Unprecedented conditions lead to Whitmer warning: 'Do not have fires outside'

Michigan vs. Oklahoma State: Who has the edge?

James Hawkins
The Detroit News

James Hawkins of The Detroit News breaks down the matchups for Friday’s first-round NCAA Tournament game between Michigan and Oklahoma State.


Michigan senior Derrick Walton Jr. and Oklahoma State sophomore Jawun Evans have been playing at an elite level throughout the second half of the season, particularly at the end. Walton averaged 25.5 points, eight assists and 5.5 rebounds in the Big Ten tournament semifinal and final, and Evans poured in 80 points and 25 assists over the last three games. Muhammad-Ali Abdur-Rahkman has been a steady presence alongside Walton, providing shut-down defense and a reliable 3-point shot, while Phil Forte gives the Cowboys an explosive 1-2 punch with Evans. Walton and Abdur-Rahkman have the NCAA Tournament experience, but Evans and Forte have the scoring prowess that’s hard to match. Edge: Oklahoma State


After juggling the lineup and using different combinations, the Cowboys have started Leyton Hammonds (6-foot-8) and Mitchell Solomon (6-9) at the four and five the last 16 games. Solomon is Oklahoma State’s best defender but hasn’t had to guard a stretch five like Moritz Wagner. D.J. Wilson (6-10) and Wagner (6-11) will have a distinct height advantage for once, making it easier to shoot over the top in the post and on the perimeter. Oklahoma State wing Jeffrey Carroll is multi-dimensional and coming off back-to-back 20-plus point games, but Zak Irvin is riding high after hitting several clutch baskets in the Big Ten tournament, and will be motivated playing close to home. Edge: Michigan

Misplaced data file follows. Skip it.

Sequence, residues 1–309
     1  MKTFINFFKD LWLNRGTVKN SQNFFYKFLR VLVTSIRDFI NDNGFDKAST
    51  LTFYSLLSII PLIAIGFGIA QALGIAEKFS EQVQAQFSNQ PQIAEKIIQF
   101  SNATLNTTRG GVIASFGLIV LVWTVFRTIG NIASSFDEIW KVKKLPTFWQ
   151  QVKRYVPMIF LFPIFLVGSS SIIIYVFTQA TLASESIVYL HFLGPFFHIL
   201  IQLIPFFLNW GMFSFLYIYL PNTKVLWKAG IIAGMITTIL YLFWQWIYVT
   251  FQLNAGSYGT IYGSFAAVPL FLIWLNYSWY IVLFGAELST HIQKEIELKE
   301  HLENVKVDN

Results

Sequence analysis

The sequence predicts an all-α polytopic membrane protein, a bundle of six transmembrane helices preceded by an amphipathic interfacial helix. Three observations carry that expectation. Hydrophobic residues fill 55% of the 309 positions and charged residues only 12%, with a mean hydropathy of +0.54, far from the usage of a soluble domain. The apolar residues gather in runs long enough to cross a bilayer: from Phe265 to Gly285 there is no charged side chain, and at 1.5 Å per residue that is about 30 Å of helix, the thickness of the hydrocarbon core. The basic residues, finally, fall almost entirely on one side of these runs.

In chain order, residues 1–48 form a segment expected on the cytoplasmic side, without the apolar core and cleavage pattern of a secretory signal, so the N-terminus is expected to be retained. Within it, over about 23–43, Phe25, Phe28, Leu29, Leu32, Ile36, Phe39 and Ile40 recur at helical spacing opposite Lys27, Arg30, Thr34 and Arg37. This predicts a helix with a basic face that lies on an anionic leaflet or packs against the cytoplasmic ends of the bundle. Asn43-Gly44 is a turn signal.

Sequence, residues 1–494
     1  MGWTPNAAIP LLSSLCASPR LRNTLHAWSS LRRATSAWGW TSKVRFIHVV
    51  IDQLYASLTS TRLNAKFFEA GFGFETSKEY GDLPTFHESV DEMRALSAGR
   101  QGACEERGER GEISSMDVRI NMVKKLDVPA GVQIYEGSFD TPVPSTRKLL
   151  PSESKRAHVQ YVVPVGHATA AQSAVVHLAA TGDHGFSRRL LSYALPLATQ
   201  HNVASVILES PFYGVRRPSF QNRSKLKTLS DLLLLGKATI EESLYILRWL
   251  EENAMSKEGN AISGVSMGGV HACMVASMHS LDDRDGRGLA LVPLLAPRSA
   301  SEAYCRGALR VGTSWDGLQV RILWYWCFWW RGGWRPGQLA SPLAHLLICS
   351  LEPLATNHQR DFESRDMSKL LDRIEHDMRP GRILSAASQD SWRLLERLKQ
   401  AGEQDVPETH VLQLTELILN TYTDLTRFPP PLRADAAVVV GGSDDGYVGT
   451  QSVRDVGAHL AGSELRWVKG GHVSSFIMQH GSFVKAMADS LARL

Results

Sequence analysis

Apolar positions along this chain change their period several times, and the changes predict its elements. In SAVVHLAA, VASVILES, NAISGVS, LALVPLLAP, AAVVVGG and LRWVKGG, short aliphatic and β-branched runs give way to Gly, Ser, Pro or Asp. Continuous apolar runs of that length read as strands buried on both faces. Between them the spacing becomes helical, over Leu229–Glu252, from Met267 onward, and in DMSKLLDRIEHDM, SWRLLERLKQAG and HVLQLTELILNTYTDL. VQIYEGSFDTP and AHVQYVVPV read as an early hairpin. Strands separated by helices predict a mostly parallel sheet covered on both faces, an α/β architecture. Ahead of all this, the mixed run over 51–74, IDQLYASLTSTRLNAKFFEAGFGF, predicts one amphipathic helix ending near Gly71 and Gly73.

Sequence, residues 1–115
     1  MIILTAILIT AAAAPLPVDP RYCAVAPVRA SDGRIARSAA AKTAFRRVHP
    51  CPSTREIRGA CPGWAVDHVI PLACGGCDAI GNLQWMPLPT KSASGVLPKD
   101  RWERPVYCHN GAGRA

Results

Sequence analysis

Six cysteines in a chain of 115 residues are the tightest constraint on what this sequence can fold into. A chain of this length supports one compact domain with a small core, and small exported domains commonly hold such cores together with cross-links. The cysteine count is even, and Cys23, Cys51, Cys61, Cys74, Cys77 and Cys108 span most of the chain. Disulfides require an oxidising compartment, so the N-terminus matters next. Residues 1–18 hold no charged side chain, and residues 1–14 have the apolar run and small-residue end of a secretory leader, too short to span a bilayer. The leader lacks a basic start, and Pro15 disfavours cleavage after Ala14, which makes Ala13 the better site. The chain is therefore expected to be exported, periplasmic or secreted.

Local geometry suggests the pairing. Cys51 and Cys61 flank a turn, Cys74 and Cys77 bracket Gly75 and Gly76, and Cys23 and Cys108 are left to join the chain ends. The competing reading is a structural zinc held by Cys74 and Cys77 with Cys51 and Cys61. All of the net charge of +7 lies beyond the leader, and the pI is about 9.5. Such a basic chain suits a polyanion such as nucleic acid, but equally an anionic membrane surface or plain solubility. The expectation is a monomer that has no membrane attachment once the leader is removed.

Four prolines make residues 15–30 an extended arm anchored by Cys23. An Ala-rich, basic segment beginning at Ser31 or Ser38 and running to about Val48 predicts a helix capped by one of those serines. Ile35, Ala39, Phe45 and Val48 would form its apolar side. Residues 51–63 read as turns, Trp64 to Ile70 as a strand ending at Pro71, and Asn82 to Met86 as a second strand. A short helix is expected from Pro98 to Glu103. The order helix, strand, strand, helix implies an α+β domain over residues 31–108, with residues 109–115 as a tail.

Oklahoma State first-year coach Brad Underwood has done more with less in the NCAA Tournament. In three seasons at Stephen F. Austin, he guided the Jackrabbits to two first-round upsets and a near Sweet 16 appearance last year. Michigan coach John Beilein has fared even better in the opening-round game, advancing five out of the six times with the Wolverines. With both coaches orchestrating two highly efficient offensive teams, Michigan has steadily picked it up on the defensive end and is capable of getting key stops at critical times, which likely will be the difference in the game. The Wolverines also are rolling into the matchup as confident as ever and on a season-high five-game win streak, while the Cowboys enter on a three-game slide. Edge: Michigan


Oklahoma State and Michigan are two of the nation’s top five efficient offenses but get it done in different ways. The Cowboys lead the nation in offensive efficiency by relying on an uptempo attack and transition game, whereas the Wolverines rank fifth and are 339th (out of 351 teams) in tempo and 335th in average possession length (19.5 seconds). If it turns into a track meet, it won’t favor Michigan. If the Wolverines proved anything in the Big Ten tournament it’s that Beilein can adjust midgame and they can rely on their defense for stretches at a time, as evident by holding Purdue to 1-for-8 shooting in overtime and Wisconsin without a made field goal over the first eight minutes of the second half. Michigan 80, Oklahoma State 75.